Believe it or not, amalgam fillings have been used in the U.S. as far back as the 1800s. However, despite their common, and prolonged use, there have been health concerns and environmental concerns. According to Dr. Johnathan Levine, these amalgam fillings are made up of copper, tin, silver, and unfortunately mercury–which can be toxic to bodily tissues. And while the mercury in amalgams is generally safe, there is the risk of vapor releasing if a person with these fillings grinds their teeth or drinks soda-pop or does other repetitive activities that wear down the filling.
Amalgam is also difficult to dispose of since only trace amounts are allowed in the water supply. The EPA and the ADA have very specific rules regarding disposal, but the problem is they aren’t always enforced in the U.S. Thankfully, patients aren’t restricted to amalgam nowadays–there are composite fillings.
These kinds of fillings are very safe, and they are actually easier for the dentist to work with and nicer looking than amalgam. This means that not only can you fix cavities with them, but you can use them for any small cosmetic adjustments, like chipped teeth.
However, a study found at drbicuspid.com says that while composites are a great option, they can be somewhat difficult on posterior teeth, since they can be broken down more quickly by excess wear or repeat cavities:
Since resin composites were introduced, there has been an ongoing challenge to improve their clinical performance, particularly for use in posterior teeth,” the authors wrote. “This has seen the introduction of hybrid, packable, nanofilled, low-shrinkage, and bulk-fill composites, but still the clinical effectiveness of posterior composite is questioned by many.” Dr. Alvanforoush is a doctoral student from the Melbourne Dental School at the University of Melbourne.
Direct resin composite restorations are becoming more popular, as patients prefer tooth-colored restorations because they offer a superior aesthetic appearance, and patients want to avoid the placement of new amalgam in their mouths. The study authors noted that substantial advancements and changes in composite materials and adhesive systems have taken place over the last 20 years, but no systemic literature review has assessed the clinical performance of posterior composite restoration.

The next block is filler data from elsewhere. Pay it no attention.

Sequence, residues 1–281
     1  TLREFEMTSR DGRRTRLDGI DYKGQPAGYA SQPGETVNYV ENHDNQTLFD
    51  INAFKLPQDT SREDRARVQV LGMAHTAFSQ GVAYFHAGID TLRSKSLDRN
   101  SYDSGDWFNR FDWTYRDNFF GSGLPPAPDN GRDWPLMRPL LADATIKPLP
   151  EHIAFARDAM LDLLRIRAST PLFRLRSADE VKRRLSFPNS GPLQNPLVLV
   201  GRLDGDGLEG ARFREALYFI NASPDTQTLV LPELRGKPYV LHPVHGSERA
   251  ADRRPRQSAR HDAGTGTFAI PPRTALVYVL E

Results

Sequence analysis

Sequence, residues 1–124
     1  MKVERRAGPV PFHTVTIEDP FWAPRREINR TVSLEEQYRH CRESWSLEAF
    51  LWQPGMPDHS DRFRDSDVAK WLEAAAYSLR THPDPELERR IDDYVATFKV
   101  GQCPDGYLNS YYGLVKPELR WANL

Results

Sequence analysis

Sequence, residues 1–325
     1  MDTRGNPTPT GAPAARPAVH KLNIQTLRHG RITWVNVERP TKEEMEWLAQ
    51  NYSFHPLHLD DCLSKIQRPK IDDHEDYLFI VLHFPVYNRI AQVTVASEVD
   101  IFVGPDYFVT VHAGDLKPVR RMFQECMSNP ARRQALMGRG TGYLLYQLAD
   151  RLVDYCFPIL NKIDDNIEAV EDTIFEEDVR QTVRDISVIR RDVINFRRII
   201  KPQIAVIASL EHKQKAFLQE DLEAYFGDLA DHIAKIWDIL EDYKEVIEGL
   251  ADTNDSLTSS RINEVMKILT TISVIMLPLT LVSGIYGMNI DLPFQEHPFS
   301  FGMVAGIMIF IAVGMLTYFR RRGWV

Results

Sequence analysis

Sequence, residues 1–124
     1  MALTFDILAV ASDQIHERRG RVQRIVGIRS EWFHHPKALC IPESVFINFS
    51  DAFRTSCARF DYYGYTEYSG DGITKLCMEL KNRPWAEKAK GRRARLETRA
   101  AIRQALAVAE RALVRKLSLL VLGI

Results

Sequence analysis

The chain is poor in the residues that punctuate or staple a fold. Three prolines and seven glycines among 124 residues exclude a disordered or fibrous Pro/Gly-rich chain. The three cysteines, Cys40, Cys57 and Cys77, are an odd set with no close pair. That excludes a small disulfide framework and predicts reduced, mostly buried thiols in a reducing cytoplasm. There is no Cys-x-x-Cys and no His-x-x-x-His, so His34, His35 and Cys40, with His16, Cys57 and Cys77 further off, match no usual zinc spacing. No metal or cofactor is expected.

The authors concluded that comparing the reasons for failure over the last two decades had revealed an important shift as secondary caries, postoperative sensitivity, and wear were reduced as failure factors in contrast with the increased role of tooth fracture, restoration fracture, and endodontic treatment as reasons for failure. “The greater level of fracture may relate to the increase in size of restorations now being placed; however, more detailed data are needed,” they wrote.
But as you can see, if a patient is exhibiting these issues, he or she should consult with their dentist about how to reduce wear and tear. Prevention is the best tool that patients have at their disposal to save the integrity of their teeth. Despite these hiccups in the study, composite fillings are still excellent materials. While some patients may want to replace their amalgam with composite, the downside is that this can weaken the integrity of the tooth even more and possibly release mercury vapor.
So it is best to keep any of your amalgam fillings intact if possible and use composite for any new caries that need to be filled. Will these materials have a place in the future? It’s hard to say, but it looks like many dentists have already phased out amalgam and strictly use composite. But will composite stay? For now, yes–but drbicuspid.com released an exciting article that gives patients a glimpse at their future dental care:
January 9, 2017 — Soon you might be treating your patient’s caries with a collagen sponge filled with a drug — first tested to treat Alzheimer’s patients — that stimulates the natural ability of teeth to restore dentine.
A study published January 9 in Scientific Reports by researchers in the U.K. documented a new method of stimulating the renewal of living stem cells in tooth pulp. While still needing human clinical trials, this approach may allow large cavities to be repaired without the use of cement or fillings.
“The simplicity of our approach makes it ideal as a clinical dental product for the natural treatment of large cavities, by providing both pulp protection and restoring dentine,” stated lead study author Paul Sharpe, PhD, in a press release.
“In addition, using a drug that has already been tested in clinical trials for Alzheimer’s disease provides a real opportunity to get this dental treatment quickly into clinics.” Sharpe is the head of the craniofacial development and stem cell biology division at the King’s College London Dental Institute.
After removing caries decay, a tooth’s soft inner pulp is exposed, and a natural dentine repair process begins. This process uses a form of stem cells in the patient’s mouth that becomes new cells. These cells release a form of reparative dentine, according to the study authors.
Being able to stimulate new cells in the dental pulp would be amazing! And the study says that if perhaps their research and tests succeed, patients may not even need fillings in the future! However, this kind of information shouldn’t encourage patients to be lax about their oral health. While fillings can certainly help repair functionality, nothing is as good as a natural tooth. And it could be many years before this study’s findings play a role in dental offices across the U.S